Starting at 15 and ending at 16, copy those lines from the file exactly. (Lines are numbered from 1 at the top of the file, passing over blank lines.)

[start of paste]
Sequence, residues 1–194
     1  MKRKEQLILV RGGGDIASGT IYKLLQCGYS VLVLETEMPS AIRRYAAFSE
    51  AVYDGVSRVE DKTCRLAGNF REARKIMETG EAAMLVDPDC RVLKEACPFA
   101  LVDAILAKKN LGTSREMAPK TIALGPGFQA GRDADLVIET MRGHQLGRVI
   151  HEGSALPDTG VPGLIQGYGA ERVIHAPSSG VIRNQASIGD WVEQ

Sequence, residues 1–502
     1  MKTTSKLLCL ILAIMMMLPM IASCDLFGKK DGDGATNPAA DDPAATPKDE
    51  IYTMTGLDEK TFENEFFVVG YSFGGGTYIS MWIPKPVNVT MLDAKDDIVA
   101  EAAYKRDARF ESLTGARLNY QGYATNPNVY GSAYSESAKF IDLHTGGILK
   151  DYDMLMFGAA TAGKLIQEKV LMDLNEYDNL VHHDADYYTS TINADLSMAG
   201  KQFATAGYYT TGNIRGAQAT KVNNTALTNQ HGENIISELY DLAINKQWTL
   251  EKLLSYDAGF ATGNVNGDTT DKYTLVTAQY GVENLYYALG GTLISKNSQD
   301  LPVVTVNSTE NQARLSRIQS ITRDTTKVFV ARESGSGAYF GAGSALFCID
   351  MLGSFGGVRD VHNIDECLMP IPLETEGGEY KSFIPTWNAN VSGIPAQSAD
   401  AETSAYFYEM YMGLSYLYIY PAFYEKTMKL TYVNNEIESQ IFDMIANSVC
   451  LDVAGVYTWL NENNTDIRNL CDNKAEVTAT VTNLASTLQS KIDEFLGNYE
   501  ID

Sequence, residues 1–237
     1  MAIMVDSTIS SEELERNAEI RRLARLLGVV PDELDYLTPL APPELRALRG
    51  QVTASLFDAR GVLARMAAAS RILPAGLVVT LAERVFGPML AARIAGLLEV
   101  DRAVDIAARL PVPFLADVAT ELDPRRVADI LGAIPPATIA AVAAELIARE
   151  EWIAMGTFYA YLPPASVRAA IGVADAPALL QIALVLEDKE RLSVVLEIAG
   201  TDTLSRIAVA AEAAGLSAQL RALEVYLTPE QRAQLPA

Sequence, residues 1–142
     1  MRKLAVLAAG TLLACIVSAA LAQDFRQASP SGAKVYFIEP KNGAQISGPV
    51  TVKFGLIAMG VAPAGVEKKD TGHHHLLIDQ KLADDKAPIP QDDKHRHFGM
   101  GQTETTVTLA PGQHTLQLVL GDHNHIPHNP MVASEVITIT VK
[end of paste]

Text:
   401  AETSAYFYEM YMGLSYLYIY PAFYEKTMKL TYVNNEIESQ IFDMIANSVC
   451  LDVAGVYTWL NENNTDIRNL CDNKAEVTAT VTNLASTLQS KIDEFLGNYE